Mehli Mehta © Mehli Mehta Music Foundation

Perhaps because of his tortuous life trajectory (he spent 14 years in Bombay, then brief stints in London and Canada before finally emigrating to the United States), Kaufmann isn’t as well-known as he should, even among music academicians. This is despite a prolific compositional output: at least 15 operas that we know of, (among them ‘Anusuya’, India’s first ‘radio opera’, broadcast from Bombay, October I, 1938. There were many more ‘radio operas’ such as ‘The Farewell’, ‘The King calls’, ‘The Rumour’), children’s operas, a television opera; 3 ballets; 31 known orchestral works, among them six symphonies; three violin concertos, two piano concertos, a timpani concerto, and several other concertante works that included ‘Navaratnam’, suite for piano and chamber orchestra (1945) and ‘Andhera’ for piano and orchestra (1942–49); four vocal and choral compositions including Rubayyat for soloist and orchestra (1954); many chamber works including eleven string quartets; several piano works and Hindi film scores (Jaagran, 1936; Toofani Tarzan 1937; Ek Din ka Sultan 1946).

According to Amrit Gangar (author of a book about the composer titled ‘The Music That Still Rings At Dawn, Every Dawn’), Kaufmann joined the Dadar-based film production company Ajanta Cinetone in 1934. The Malad-based Bombay Talkies attracted even more European refugees:  filmmaker Franz Osten, cinematographer Josef Wirsching and Paul Zils (one of the founders of the still-active Indian Documentary Producers’ Association).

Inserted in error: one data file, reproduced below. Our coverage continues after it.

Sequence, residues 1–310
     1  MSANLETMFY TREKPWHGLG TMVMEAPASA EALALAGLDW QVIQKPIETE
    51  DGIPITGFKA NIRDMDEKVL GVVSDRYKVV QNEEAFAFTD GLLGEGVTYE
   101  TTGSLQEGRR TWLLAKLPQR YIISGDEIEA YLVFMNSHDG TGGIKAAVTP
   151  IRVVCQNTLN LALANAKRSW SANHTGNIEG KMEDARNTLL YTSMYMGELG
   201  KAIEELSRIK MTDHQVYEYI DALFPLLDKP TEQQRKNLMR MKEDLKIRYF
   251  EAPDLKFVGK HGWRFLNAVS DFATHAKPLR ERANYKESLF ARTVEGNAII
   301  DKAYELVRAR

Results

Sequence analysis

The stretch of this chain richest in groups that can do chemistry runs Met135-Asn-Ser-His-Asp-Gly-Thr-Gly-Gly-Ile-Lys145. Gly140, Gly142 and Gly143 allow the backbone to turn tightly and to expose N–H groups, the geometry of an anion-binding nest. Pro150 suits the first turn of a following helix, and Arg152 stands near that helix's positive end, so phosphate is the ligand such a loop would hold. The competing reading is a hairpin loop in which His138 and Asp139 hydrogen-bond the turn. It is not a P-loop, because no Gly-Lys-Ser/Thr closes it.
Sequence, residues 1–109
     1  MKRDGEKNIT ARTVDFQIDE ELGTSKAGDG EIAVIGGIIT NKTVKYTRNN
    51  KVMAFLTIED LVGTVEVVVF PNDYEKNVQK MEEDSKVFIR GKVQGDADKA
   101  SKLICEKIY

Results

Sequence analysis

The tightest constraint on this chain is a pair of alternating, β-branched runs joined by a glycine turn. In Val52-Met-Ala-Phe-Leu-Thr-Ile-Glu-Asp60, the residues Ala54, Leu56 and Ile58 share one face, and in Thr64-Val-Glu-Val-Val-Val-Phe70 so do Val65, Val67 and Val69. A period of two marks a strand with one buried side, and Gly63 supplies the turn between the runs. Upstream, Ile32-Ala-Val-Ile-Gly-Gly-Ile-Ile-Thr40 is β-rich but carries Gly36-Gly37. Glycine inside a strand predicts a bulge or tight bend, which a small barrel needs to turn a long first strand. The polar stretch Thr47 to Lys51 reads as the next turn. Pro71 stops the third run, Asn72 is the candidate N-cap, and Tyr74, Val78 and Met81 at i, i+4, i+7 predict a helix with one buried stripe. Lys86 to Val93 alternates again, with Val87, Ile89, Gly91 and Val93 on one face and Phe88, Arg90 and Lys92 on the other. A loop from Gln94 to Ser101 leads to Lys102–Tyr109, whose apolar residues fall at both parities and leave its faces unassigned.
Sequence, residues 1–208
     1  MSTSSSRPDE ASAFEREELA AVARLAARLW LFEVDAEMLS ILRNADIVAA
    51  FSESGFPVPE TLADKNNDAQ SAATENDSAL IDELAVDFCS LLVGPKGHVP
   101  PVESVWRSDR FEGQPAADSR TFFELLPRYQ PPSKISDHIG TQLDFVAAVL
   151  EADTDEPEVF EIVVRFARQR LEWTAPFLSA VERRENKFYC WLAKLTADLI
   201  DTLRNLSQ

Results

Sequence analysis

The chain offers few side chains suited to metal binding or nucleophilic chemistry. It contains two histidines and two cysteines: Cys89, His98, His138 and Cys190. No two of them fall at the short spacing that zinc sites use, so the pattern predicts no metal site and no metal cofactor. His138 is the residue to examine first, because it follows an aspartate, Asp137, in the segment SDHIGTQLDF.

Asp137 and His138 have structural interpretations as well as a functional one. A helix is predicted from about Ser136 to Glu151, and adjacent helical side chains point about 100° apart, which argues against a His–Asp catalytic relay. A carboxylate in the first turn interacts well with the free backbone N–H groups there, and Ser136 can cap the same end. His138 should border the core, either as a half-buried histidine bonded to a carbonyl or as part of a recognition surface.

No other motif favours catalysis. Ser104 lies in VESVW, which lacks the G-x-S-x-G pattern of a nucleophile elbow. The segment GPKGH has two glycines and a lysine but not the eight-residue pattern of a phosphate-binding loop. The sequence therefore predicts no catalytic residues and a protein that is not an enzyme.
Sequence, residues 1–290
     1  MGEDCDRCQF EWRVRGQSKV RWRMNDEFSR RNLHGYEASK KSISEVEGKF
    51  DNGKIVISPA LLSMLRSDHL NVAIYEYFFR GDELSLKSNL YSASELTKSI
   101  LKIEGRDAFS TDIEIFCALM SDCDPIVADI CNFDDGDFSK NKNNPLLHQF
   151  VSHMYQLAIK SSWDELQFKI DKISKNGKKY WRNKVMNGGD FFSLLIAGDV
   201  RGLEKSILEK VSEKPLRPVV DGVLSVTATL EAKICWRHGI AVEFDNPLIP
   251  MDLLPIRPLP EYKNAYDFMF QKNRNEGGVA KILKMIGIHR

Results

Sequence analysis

Hotta writes that Kaufmann was “initially puzzled by the seemingly alien sounds [of Indian music], but he assumed his response was a product of his upbringing and training, not a function of the qualities of the music itself—after all, he explained, ‘millions of Indians were appreciating or in fact loving this music.’”

Kaufmann combined Western and Oriental traditions in pieces such as Madras Express, the Six Indian Miniatures and the Violin Concerto No 3, as well as in many chamber works, applying raga techniques in some of them.

Gangar also reveals that during Kaufmann’s Bombay years he lived at Rewa house, the two-storey bungalow that still stands on Bhulabhai Desai Road in the Cumballa Hill area, home of Maharaja Martand Singh of Rewa, a lover of western classical music, later wildlife conservationist and parliamentarian.

Kaufmann authored books ranging from ‘Musical notations of the Orient’ to Ragas of North and South India and Tibetan Buddhist chant. He also published a number of research papers and record reviews especially in ethnomusicology. After coming in contact with British-born Indian anthropologist, ethnologist and tribal activist Verrier Elwin (1902-1964), he studied Gond music.

After moving to the United States, he served as a professor of musicology at Indiana University from 1957 until his death in 1984 in Bloomington.

The 1925 Suzuki-Kaufmann encounter is not common knowledge, but it would leave a strong impression on Suzuki.

Years later he would regret that he was unable to record Kaufmann’s playing, “not simply as a souvenir of a special evening but for purposes of his broader research on how talents develop.”

My regret is that no recording (that I could find at any rate) survives of Kaufmann’s playing at all. Even of his compositions one finds scant recordings. For those interested, go to YouTube and listen to his String Quartet 11. You’ll hear the unmistakable mark India left on his output as a composer. The cello acts as tanpura, droning in open-string fifths, while the melody gradually unfolds in the upper strings, with a luscious part given over to the viola.

I’d love to hear more by him.

This article first appeared in The Navhind Times, Goa, India.